This interview is the latest in an Accepted.com blog series featuring interviews with MBA applicant bloggers, offering readers a behind-the-scenes look at the MBA application process. And now…introducing our anonymous blogger, ProGMAT…
Accepted: We’d like to get to know you! Where are you from? Where and what did you study as an undergrad? What’s your favourite non-school book?
ProGMAT: I am 26 years old, and was born in a small town in North India. Being a son of a Sr. Bank Manager, I moved to different cities with my family and completed my schooling. I’ve completed my under-graduation (B.Tech) in Computer Science Engineering from a city away from my home in Northern India.
As I grew watching my father, how he managed a great number of staff under him, I always wanted to be like him and always tried to get the things done with better management. My interests are more of design, creativity, innovation, management and music. At my work, I always try to get the maximum amount of management work I can get other than my duties (coding, testing, etc.).
I have not read many books but the recent one was The Great Gatsby by F. Scott Fitzgerald, and I really liked it. It is great classic fiction with nice vocabulary to learn.
Accepted: What stage of the application process are you up to so far?
ProGMAT: Currently I am studying for the GMAT and writing my story side by side. I am not rushing through the application process as I have less time to study for GMAT, and my target score is 720+.
Accepted: Where and when are you planning on applying to b-school? Are you applying to any safety schools?
ProGMAT: The sooner I complete my GMAT, the better my chances are to apply this year in Round 2 process. That is why for now my complete focus is on GMAT, but I am comfortable in applying next year. After my research on schools and course types, I have a list of schools to which I would be applying including Tuck and ISB. I will also apply to 3-4 additional schools within my range for safe side.
Tuck is the best school I have known so far according to my priorities and eligibility. I dream about being a Tuckie. So in my application process, my major focus would be on the Tuck application. And for ISB, it gives me various advantages above all in terms of investment and environment (a plus point for my career and future).
Accepted: What is your current job? Do you plan on staying in the same industry post-MBA or moving to something new? Where do you hope to be in 5-10 years from now?
ProGMAT: Currently I’m working in a Fortune 500 Company as a software developer in India. I have a total of 3+ years of experience in coding as well as management. Post MBA I would change my industry. Basically I am looking for a Consultant badge under my profile. So my short term goal is to be at a Consultant position in Big 4 firms. And my long term goal is to open my own firm. It will be related to technology for sure, but depends on the position of the market.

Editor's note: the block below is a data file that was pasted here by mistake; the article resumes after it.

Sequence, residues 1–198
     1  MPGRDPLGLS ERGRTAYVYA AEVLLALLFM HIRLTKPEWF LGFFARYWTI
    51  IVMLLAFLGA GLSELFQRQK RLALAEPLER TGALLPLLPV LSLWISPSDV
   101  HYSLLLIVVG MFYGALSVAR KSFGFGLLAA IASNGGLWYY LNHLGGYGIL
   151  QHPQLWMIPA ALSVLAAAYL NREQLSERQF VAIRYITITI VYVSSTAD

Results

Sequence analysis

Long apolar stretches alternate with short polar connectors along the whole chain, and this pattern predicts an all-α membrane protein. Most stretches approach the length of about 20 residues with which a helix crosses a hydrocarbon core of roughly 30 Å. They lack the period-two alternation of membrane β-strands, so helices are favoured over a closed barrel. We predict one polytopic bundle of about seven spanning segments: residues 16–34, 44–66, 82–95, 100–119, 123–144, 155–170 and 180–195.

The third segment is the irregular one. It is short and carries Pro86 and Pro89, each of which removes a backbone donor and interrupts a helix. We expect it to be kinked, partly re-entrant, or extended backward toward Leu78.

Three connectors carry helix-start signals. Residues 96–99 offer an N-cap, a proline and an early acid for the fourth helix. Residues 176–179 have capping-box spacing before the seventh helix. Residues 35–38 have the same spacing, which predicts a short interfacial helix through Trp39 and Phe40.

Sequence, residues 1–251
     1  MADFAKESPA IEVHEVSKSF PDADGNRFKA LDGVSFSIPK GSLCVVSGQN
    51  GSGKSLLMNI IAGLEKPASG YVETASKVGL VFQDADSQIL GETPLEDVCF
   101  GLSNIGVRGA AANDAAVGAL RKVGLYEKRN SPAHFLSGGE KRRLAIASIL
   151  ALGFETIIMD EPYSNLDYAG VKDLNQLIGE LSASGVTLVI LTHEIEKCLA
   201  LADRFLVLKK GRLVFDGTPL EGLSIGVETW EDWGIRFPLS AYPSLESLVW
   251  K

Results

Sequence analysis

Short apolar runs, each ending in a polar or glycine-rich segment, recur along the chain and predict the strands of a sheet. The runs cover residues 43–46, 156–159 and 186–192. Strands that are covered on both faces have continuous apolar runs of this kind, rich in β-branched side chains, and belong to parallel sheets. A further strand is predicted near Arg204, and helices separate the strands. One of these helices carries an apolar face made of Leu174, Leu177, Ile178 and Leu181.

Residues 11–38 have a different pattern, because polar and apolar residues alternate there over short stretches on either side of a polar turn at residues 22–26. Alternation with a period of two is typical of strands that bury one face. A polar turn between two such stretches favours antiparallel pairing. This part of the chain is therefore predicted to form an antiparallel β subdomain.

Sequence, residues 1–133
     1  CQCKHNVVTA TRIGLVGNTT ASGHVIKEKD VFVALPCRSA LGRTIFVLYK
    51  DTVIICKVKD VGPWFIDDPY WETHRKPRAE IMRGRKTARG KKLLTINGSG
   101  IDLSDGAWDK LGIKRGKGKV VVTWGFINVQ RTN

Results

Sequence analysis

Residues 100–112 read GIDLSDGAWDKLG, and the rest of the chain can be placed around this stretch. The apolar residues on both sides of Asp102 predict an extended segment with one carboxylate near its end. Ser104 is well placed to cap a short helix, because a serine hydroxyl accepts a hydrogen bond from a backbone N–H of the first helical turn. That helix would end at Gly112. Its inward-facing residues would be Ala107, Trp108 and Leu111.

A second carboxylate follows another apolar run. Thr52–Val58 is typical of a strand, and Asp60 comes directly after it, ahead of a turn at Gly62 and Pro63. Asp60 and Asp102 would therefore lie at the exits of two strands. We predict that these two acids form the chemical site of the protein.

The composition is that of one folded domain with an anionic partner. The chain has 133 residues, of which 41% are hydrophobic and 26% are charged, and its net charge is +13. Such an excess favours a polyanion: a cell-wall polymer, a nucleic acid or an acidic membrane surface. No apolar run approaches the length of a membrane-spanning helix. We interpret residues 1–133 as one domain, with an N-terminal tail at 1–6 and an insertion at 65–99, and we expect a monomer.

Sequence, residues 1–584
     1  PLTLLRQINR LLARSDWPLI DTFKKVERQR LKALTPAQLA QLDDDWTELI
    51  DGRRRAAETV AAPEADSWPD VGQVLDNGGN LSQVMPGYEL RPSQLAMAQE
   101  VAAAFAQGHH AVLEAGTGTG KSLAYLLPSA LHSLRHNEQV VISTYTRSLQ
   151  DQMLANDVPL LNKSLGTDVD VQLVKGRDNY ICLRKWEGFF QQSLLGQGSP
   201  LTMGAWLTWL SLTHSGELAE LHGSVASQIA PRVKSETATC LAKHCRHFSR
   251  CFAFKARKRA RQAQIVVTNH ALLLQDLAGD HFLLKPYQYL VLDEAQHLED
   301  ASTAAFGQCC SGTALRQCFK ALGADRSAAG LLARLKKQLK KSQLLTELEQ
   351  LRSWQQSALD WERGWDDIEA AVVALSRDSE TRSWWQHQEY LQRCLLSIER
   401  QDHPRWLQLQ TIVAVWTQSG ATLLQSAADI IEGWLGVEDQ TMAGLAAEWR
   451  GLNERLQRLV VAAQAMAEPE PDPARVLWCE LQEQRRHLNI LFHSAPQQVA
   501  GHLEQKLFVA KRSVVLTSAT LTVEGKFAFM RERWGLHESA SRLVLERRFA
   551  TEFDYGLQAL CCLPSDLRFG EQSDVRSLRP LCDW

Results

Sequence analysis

Accepted: In your blog you talk about your GMAT game plan — can you share a few tips with our readers about how to prep for the GMAT?
ProGMAT: GMAT is not an exam to pass and score higher. It’s all about your time management and stress management. The best thing to do while attempting a question is to get into the situation and find the best solution as fast as possible. As it is a game of time and stress, huge dedication is needed to get through it. The best thing you can do while preparing is practice, practice and practice.
A few tips:
1. Study the basics by going deep and learning the concepts.
2. Study the type of questions which come frequently on GMAT.
3. Always time your practice questions. And always try to use the official material for practice.
4. For SC, there is limited number of rules. Learn them and apply.
5. For CR and RC, try to read the quality material and increase your reading speed with understanding.
6. The more you focus on the current question, the less time you take to solve it. This makes better chances of your high score.
Accepted: Why did you decide to blog about your experience? What have you gained from the experience? What do you hope others will learn?
ProGMAT: When I started my GMAT circus, I thought it was just like another exam, but a few days later I realized that it’s not an exam but a game like marathon. I studied different blogs and found that most of the people were suffering with similar problems. So I decided to keep track of this important event of my life that would help me to be in line and would help others who are facing similar problems as I do.
What I gained is the timeline of my preparation as well as more focus on the mistakes that I made earlier. Additionally, I am a non-native English speaker, so writing a blog will help me gain knowledge on the writing side as well. And meeting the fellow blog writers who are going through the same situation always gives you confidence to move forward.
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You can read more about ProGMAT’s b-school journey by checking out his blog, Pro GMAT. Thank you for sharing your story with us – we wish you loads of luck!